Tuesday, May 9, 2017

Strategic exercises

(originally published in The Outreach Connection in October 2000)

The day after the final episode of Survivor, I was ten minutes late for a meeting at the office. But it didn’t make any difference because when I came in they were still arguing over the final tribal council. And I didn’t need any help getting up to speed. “Kelly blew it,” I declared, heading for the cookies. “She never even mentioned that she won five straight immunity challenges. However you think the game should have been played, no one could match that. Why was she relying on all that touchy feely stuff?” This sparked a new round of discussion, which I could reproduce here more or less line by line, regardless that the (I assume) important stuff we went on to discuss at the meeting has pretty much faded away already.

Kelly blew it

Well, like everyone said, the show was a phenomenon. I work mainly with accountants and lawyers, and Survivor was as hot a topic in that environment as anywhere else. Maybe more so, because we white-collar types love talking about strategy and tactics, and Survivor lent itself quite magically to those kinds of discussions. Richard certainly got some lucky breaks on the way to victory, but he always maximized his opportunities (even though I really do think Kelly blew it). And in the subsequent days, scanning my regular sites on the web, I read several analyses of Survivor which were barely distinguishable – whether in tone or content or seriousness of intent – from the op-eds on the Bush vs. Gore race.

Mike Hodges’ latest film Croupier isn’t as big a phenomenon as Survivor of course (although the veteran Hodges is shaping up as quite a survivor himself), but it’s doing pretty well in its own way. Initially scheduled for the most minimal possible release, the film refuses to quit and has worked its way up to a box-office gross in excess of $4 million. The audience for the Saturday matinee I attended at the Cumberland was the largest I’ve seen in a while. It’s always a bit of a mystery why some movies take off like that. But if I had to guess, I’d say it’s that Croupier’s cool-headed, articulate artistry appeals to that same strategic bent.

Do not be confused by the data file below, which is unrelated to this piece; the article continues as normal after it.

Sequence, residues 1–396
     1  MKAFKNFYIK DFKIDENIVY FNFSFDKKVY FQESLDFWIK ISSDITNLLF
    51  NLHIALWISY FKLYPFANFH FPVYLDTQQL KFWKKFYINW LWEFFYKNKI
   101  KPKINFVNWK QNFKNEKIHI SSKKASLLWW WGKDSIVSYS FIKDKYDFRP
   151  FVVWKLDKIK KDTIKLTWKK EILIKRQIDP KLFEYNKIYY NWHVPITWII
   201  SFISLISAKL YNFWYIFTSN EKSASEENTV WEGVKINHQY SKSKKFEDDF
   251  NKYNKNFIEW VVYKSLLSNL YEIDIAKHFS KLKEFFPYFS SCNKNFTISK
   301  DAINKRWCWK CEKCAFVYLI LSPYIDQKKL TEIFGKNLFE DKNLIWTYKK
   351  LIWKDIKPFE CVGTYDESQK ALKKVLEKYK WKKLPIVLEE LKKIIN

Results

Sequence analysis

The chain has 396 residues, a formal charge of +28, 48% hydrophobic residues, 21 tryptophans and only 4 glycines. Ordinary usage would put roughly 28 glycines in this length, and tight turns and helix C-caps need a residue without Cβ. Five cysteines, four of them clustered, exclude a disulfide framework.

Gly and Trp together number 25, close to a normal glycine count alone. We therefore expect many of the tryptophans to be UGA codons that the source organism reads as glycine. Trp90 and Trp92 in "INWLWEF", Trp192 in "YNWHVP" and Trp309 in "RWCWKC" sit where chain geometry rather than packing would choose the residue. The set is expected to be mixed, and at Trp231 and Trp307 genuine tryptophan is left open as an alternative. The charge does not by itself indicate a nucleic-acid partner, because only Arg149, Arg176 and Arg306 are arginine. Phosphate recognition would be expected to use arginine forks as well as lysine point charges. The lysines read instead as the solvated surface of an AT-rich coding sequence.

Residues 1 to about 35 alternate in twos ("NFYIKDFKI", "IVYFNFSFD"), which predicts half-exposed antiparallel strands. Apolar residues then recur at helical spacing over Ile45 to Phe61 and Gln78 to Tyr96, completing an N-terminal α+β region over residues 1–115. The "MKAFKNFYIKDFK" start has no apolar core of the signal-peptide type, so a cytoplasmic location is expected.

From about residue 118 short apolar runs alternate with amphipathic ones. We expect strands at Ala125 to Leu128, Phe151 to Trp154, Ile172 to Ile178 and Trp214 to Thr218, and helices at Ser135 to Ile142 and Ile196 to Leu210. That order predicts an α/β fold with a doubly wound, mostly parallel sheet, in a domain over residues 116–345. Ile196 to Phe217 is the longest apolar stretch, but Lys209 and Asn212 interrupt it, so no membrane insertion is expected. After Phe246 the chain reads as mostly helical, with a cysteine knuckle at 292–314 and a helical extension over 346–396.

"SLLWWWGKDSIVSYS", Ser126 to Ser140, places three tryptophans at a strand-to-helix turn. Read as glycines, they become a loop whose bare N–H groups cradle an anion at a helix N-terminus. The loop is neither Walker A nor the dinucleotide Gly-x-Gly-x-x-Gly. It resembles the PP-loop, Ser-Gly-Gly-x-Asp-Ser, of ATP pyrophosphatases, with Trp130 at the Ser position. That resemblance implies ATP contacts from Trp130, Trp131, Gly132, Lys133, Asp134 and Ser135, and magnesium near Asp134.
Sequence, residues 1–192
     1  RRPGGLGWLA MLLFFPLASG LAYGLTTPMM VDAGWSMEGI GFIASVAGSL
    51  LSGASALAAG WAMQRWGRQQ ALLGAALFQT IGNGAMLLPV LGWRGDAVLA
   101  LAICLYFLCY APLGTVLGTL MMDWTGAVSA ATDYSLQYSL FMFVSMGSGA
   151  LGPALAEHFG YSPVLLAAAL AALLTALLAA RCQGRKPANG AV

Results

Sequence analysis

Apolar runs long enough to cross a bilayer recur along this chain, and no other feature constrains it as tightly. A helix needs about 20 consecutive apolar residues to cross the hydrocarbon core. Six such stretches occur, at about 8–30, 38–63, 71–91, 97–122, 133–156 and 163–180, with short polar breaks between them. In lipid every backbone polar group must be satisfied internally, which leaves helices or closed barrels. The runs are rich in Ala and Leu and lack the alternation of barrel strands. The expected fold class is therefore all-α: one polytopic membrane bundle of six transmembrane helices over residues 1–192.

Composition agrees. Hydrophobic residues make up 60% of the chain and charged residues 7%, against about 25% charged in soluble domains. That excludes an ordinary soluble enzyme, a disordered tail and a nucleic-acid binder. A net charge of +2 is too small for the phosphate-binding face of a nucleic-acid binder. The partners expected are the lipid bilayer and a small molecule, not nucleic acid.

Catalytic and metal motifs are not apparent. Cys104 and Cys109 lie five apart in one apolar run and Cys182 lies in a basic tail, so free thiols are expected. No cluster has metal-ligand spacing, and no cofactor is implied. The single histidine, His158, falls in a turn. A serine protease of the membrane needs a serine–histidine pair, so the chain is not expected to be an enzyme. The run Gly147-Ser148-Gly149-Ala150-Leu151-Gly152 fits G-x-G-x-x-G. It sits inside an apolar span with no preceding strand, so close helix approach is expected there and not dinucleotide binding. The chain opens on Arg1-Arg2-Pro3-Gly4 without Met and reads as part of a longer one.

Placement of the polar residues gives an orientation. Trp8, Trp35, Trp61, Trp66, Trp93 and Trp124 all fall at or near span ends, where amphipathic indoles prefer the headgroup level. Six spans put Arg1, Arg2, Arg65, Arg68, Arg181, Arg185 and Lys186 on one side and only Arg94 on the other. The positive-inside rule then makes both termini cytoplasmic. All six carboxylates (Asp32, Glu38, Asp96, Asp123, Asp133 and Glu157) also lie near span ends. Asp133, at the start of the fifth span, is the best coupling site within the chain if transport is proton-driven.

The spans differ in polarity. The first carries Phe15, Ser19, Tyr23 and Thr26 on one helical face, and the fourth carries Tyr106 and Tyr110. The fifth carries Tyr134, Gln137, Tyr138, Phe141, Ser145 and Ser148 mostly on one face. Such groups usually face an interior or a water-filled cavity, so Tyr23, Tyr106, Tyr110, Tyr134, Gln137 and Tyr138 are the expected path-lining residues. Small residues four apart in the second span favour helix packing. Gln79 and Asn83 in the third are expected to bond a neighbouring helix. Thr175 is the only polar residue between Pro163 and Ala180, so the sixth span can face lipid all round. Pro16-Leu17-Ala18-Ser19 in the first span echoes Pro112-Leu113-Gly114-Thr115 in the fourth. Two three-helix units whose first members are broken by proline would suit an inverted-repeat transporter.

A strategic artist

It’s written by Paul Mayersberg, who wrote The Man who fell to Earth and the unjustly forgotten Eureka and whom I think of as a very strategic kind of artist – working within complex investigative structures that treat time as flexibly as space, casting truth and identity as malleable and unstable. Croupier is about an aspiring author called Jack Manfred who takes a job as a croupier or dealer in a London casino. The film tracks his analytical fascination with the milieu and the people in it, particularly various women – all of which he transcribes into a thinly disguised fiction.

Voice-overs from the novel in progress accompany the action, and it’s these voice-overs that carry the bulk of the film’s thematic ambition, spinning off a dizzying array of one-liners on the metaphorical possibility of the croupier, and of the gambler he might otherwise have become. The gambler is a familiar subject in movies, but the croupier occupies a lonelier and (this film suggests) more ambiguous territory. Forbidden to interact with customers or to intervene in the game, he’s trained to be as impassive as possible, but also to observe the players minutely. Actor Clive Owen’s dead-eyed, controlled performance conveys this internal tension quite well (although perhaps not quite in the Brando or Bogart-like style that the ads suggest).

Jack’s uncertain bearings are unmistakable – a problematic relationship both with his father and his girlfriend, a failed career as a writer, hints of trauma at every turn (most explicitly when he takes excessive relish in beating up a cheat who accosts him outside the casino, and shortly afterwards shakes off the last of that aggression through violent sex with a co-worker). His self-mythologizing is shot through with insecurity, but Jack tends to identify the role of the croupier with an idealistic detached certainty, confusing his own disillusionment with a privileged sense of realism. The gambler, on the other hand, seems to embody all the errors and self-deceptions of mankind: gambling, says Jack, is about not facing reality, ignoring the odds.

This all generates a subtly obsessive quality that’s always entertaining, and effective in evoking the smell of the casino. But the film (at least judged on a first viewing) never goes much beyond simply reiterating its basic ideas. Exchanges like “You’re an enigma you are”/”Not an enigma, just a contradiction” seem trite, and there are an awful lot of them in Croupier.

Master of the game

In the final scene, Jack refers to himself as “master of the game…(who’s) acquired the power to make you lose,” but events seem at least as much to confirm his impotence. In finding a specific place for each of its major characters within the resolution, the film suggests that it might best be viewed as a therapy or psychoanalysis, the object being to tuck all Jack’s loose ends away and regain functionality. But nothing about Croupier is quite that easy to summarize.

I would certainly much rather watch Croupier again than something like The Tao of Steve, another highly-praised movie in which the moderate air of intelligence just makes the contrivances particularly annoying. And at least Croupier doesn’t try to be cute. But even though you could probably discuss it for hours afterwards, I wonder whether those discussions would amount to much more than the post mortem on Survivor. It’s fun to figure out how the pieces fit together, and how the final tribal council is played out. But it’s not worth delaying the meeting for more than ten minutes on that account, whereas real art might force us to cancel it altogether.

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